“As for these living beings, there is nothing to be applied, and there is nothing to be removed; one has only to teach them the Dharma for them to realize the basis from which sicknesses arise. What is this basis? It is object-perception.123 To the extent that a basis of object-perception is objectified, it is the basis of sickness. What is it that is objectified? The three realms of existence are objectified. What is the thorough understanding of the basis of that object-perception? It is its nonperception, as one does not objectify a thing that is not perceived. What does one not perceive? One does not perceive the two views, the view of the self and the view of the other. Therefore, it is called nonperception.124
“Mañjuśrī, thus should a sick bodhisattva control his own mind in order to overcome old age, [F.201.a] sickness, death, and birth. Such, Mañjuśrī, is the sickness of the bodhisattva. If he takes it otherwise, all his efforts will be in vain. Just as one is called ‘hero’ when one overcomes all enemies, so, too, one is called ‘bodhisattva’ when one conquers the miseries of aging, sickness, and death.125
“The sick bodhisattva should tell himself: ‘Just as my sickness is unreal and nonexistent, so the sicknesses of all living beings are unreal and nonexistent.’ Through such considerations, he arouses the great compassion toward all living beings without falling into any sentimental compassion,126 but instead, arouses great compassion toward all living beings through striving to eliminate the incidental afflictions. Why? Because great compassion that falls into sentimentally purposive views only exhausts the bodhisattva in his reincarnations. But the great compassion that is free of involvement with sentimentally purposive views does not exhaust the bodhisattva in all his reincarnations.127 He does not reincarnate through involvement with such views but reincarnates with his mind free of involvement. Hence, even his reincarnation is like a liberation. Being reincarnated as if being liberated, he has the power and ability to teach the Dharma that liberates living beings from their bondage. As the Lord declares: ‘It is not possible for one who is himself bound to deliver others from their bondage. But one who is himself liberated is able to liberate others from their bondage.’ Therefore, the bodhisattva should participate in liberation and should not participate in bondage.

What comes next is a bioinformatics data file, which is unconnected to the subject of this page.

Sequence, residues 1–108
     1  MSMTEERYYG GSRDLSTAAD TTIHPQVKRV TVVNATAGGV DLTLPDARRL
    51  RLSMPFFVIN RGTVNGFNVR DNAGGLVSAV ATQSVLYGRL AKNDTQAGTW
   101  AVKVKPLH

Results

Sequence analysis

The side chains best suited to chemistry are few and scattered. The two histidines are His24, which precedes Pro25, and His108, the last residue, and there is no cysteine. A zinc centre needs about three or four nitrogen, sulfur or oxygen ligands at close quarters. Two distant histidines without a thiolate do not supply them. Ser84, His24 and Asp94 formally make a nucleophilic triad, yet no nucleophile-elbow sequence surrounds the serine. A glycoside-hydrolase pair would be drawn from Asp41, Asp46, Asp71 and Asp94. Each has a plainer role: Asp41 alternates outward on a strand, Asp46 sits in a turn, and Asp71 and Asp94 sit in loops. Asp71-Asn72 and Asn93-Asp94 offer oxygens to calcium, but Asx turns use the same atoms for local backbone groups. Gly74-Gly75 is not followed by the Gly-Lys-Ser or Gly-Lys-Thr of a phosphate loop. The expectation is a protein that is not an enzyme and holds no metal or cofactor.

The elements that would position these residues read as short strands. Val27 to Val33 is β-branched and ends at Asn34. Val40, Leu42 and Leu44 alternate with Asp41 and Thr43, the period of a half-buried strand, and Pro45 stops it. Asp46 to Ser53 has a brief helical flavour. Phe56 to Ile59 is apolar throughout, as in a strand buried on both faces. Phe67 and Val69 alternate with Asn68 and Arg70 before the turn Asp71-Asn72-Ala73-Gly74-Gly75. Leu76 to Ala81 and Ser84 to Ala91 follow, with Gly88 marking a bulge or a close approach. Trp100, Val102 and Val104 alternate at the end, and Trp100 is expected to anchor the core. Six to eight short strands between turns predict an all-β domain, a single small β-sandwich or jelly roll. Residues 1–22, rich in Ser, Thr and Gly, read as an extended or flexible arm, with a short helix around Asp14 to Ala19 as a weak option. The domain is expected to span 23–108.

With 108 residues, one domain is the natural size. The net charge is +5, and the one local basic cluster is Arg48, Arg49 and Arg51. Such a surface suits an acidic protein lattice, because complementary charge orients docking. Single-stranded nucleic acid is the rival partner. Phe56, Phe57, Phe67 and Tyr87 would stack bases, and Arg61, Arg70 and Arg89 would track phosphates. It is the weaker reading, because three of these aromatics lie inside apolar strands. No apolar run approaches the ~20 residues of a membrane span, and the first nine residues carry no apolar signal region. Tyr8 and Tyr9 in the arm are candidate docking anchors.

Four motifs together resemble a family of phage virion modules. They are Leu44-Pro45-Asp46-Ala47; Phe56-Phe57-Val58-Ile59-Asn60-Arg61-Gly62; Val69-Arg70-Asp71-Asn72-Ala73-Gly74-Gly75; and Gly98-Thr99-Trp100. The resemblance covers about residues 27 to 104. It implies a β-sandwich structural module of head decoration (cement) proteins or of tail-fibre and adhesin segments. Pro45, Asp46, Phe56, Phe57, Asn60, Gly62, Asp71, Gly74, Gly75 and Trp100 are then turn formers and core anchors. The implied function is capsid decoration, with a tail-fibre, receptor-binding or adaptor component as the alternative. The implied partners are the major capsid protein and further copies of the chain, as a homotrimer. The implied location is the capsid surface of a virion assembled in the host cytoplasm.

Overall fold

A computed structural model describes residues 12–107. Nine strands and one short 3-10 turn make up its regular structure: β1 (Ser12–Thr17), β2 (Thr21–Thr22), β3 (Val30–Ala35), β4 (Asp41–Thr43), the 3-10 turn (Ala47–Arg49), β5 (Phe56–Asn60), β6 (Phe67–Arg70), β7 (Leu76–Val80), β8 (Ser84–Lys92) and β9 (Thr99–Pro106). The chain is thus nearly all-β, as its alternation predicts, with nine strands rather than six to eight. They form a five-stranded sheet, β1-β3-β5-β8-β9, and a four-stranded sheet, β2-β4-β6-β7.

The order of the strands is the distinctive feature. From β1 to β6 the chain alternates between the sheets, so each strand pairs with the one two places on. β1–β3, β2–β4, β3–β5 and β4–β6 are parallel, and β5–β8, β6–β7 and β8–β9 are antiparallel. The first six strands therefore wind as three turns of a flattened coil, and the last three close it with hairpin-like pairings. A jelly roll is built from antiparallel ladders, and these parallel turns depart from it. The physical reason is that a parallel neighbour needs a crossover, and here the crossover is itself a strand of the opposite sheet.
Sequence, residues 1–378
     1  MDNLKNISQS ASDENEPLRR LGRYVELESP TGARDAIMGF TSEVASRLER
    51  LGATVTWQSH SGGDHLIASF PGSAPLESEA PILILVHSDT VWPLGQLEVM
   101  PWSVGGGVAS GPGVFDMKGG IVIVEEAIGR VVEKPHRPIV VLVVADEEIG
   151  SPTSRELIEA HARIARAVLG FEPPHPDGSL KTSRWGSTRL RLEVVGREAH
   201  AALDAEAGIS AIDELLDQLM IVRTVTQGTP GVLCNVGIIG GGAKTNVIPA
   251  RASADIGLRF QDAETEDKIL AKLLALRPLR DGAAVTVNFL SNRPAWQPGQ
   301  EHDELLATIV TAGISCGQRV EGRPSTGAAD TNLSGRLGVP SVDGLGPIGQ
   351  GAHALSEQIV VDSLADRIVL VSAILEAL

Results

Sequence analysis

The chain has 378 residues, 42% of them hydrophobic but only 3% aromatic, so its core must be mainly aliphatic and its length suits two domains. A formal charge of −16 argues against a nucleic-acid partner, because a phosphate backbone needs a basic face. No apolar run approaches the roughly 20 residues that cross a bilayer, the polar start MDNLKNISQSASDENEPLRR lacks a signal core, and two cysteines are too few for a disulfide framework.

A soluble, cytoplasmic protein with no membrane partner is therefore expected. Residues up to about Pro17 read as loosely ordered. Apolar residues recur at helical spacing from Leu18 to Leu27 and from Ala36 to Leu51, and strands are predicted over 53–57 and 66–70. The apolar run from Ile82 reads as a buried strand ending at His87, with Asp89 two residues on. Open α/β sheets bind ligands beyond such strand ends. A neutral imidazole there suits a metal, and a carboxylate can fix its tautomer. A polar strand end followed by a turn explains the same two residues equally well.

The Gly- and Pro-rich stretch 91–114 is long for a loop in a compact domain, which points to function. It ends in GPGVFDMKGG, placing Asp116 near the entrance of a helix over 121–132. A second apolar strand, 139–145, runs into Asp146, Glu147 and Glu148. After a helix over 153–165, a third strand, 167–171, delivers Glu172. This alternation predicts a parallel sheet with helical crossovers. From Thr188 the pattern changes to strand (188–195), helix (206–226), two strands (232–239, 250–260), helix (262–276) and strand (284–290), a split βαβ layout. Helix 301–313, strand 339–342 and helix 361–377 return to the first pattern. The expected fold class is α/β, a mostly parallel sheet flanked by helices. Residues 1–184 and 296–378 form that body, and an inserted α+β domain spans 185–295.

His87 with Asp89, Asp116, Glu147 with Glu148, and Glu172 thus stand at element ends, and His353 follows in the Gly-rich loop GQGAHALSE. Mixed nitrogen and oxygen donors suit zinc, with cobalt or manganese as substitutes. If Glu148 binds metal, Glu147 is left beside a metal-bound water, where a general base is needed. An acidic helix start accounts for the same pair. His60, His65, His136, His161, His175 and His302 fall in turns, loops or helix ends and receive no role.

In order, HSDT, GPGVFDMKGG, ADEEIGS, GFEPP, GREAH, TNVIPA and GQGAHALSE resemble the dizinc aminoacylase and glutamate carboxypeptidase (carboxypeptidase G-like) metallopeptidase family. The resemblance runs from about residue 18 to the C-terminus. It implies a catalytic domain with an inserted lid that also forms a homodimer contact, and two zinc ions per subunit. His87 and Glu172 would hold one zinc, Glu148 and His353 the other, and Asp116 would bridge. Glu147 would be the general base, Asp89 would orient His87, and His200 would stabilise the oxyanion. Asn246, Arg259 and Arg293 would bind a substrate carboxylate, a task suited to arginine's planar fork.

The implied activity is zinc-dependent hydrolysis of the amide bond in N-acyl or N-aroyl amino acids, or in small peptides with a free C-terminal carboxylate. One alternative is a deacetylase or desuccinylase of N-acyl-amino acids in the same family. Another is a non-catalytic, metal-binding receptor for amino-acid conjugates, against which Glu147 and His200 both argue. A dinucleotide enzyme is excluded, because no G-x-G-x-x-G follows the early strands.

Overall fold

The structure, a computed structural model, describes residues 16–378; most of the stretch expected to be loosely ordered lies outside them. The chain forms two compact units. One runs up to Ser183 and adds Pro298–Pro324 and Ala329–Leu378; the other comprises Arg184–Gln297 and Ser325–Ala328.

“What is bondage? And what is liberation? To indulge in liberation from the world without employing liberative art is bondage for the bodhisattva. To engage in life in the world with full employment of liberative art is liberation for the bodhisattva. [F.201.b] To experience the taste of contemplation, meditation, and concentration without skill in liberative art is bondage. To experience the taste of contemplation and meditation with skill in liberative art is liberation. Wisdom not integrated with liberative art is bondage, but wisdom integrated with liberative art is liberation. Liberative art not integrated with wisdom is bondage, but liberative art integrated with wisdom is liberation.